The Frequency Attenuations of Foam Ear Plugs Affected by User Error of College Students

Lemoine, Alyse J. (2018) The Frequency Attenuations of Foam Ear Plugs Affected by User Error of College Students. Undergraduate thesis, under the direction of Rebecca Lowe from Communication Sciences and Disorders, The University of Mississippi.

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Abstract

This paper examines the relationship between the attenuating ability of foam ear plugs at low and high frequencies and the effects of incorrect ear plug fitting by college students. The National Institute for Occupational Safety and Health (1998) recommends the use of a hearing protection device (HPD) such as ear muffs or ear plugs to avoid noise induced hearing loss (NIHL). However, when not inserted properly, a HPD’s effectiveness can be adversely affected by user error and present as a decrease in attenuation. Attenuation is measured and presented on packaging as the noise reduction rating (NRR). A high NRR affected by user error can create a false sense of security, resulting in the frequent misuse of hearing protection. This paper explores the effect of user error in college students on foam ear plug attenuation by determining whether low or high frequencies are most perceived by the participant in audiometric testing. Testing utilized narrow band noise (NBN) and warble tones as stimuli presented in a sound field. Participants were asked to listen for the presented stimulus while wearing foam ear plugs fit by themselves as well as ear plugs fit by a trained experimenter. Results showed user error was greater in the lower frequencies than the higher frequencies. Additionally, there was no clinically significant difference between NBN trials and warble tone trials. Keywords: user error, hearing protection devices, noise reduction rating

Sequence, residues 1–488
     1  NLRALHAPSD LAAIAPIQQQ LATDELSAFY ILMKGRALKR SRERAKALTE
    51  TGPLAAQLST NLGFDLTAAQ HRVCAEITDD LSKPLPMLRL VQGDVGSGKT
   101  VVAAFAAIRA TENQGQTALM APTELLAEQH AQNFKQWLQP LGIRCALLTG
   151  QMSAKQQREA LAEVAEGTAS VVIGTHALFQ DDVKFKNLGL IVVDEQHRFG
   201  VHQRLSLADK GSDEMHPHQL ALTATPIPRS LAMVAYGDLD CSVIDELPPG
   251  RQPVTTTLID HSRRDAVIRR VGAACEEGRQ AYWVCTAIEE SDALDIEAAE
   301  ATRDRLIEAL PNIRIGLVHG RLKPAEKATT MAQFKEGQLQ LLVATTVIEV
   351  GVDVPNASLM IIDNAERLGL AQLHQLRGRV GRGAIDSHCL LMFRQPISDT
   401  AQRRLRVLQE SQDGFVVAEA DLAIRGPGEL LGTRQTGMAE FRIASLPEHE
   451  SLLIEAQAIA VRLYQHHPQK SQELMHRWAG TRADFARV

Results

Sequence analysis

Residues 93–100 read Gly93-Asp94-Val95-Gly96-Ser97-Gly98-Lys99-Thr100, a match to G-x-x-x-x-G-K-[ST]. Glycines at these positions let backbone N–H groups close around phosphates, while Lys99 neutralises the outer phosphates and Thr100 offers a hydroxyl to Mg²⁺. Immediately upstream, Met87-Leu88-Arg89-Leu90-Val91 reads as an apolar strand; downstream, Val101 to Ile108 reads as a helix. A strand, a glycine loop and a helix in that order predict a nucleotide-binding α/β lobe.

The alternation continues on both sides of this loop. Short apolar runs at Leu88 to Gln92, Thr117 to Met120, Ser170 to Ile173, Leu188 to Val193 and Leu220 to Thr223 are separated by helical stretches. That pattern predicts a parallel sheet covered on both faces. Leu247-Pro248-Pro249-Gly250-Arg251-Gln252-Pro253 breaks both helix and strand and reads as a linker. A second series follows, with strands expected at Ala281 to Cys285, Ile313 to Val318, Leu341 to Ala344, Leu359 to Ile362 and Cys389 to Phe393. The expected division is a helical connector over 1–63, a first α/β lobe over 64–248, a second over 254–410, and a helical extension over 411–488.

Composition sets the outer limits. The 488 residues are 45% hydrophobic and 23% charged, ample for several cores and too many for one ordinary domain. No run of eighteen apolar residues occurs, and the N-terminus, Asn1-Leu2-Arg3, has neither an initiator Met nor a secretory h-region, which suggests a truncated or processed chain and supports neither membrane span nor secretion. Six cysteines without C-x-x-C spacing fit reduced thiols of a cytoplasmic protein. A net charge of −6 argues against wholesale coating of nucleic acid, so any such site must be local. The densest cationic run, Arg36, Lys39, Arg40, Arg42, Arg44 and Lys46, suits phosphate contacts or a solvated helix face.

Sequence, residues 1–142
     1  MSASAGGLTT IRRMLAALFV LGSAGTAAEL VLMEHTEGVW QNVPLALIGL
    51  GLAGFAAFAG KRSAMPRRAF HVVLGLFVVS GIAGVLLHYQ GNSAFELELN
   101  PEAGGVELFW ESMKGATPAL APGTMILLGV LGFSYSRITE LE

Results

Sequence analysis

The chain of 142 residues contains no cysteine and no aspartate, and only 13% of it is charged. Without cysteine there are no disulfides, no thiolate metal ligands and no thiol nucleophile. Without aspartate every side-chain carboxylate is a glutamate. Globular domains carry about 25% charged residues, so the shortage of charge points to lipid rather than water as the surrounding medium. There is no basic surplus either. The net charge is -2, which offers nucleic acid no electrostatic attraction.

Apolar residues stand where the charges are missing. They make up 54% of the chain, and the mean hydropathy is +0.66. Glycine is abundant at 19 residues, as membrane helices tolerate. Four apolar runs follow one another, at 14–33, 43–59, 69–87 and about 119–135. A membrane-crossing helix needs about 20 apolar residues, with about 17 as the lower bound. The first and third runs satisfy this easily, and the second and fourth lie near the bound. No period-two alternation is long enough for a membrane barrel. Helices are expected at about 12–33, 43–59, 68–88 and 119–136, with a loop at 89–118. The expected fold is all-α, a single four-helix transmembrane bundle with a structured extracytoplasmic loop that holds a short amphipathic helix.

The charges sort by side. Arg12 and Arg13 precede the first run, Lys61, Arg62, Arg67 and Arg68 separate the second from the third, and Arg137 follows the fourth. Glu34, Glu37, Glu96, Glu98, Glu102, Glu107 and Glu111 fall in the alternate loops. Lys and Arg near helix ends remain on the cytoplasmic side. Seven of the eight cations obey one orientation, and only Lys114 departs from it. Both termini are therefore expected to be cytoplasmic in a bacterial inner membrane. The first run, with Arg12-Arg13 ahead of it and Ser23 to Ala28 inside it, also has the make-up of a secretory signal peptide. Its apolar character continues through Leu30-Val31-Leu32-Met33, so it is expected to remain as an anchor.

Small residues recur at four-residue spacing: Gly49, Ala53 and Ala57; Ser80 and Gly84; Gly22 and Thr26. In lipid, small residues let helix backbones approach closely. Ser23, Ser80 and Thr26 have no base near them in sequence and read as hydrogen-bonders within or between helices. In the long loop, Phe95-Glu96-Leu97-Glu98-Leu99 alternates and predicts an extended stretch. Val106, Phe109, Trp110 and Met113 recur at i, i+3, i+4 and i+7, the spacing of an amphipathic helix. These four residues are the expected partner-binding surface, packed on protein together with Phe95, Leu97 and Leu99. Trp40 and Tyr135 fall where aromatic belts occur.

Item Type: Thesis (Undergraduate)
Creators: Lemoine, Alyse J.
Student's Degree Program(s): B.S. in Communication Sciences and Disorders
Thesis Advisor: Rebecca Lowe
Thesis Advisor's Department: Communication Sciences and Disorders
Institution: The University of Mississippi
Subjects: R Medicine > R Medicine (General)
R Medicine > RA Public aspects of medicine > RA0421 Public health. Hygiene. Preventive Medicine
Depositing User: Miss Alyse Lemoine
Date Deposited: 18 May 2018 15:28
Last Modified: 18 May 2018 15:28
URI: http://thesis.honors.olemiss.edu/id/eprint/1244

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